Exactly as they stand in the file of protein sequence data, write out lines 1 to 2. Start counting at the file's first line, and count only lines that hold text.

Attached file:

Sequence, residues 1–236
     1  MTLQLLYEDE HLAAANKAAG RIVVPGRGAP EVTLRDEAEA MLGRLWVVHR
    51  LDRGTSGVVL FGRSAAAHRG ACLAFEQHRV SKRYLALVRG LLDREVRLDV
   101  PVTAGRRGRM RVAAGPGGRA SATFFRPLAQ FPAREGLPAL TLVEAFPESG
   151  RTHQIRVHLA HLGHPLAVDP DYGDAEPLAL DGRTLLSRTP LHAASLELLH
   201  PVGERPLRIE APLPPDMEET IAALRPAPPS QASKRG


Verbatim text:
Sequence, residues 1–236
     1  MTLQLLYEDE HLAAANKAAG RIVVPGRGAP EVTLRDEAEA MLGRLWVVHR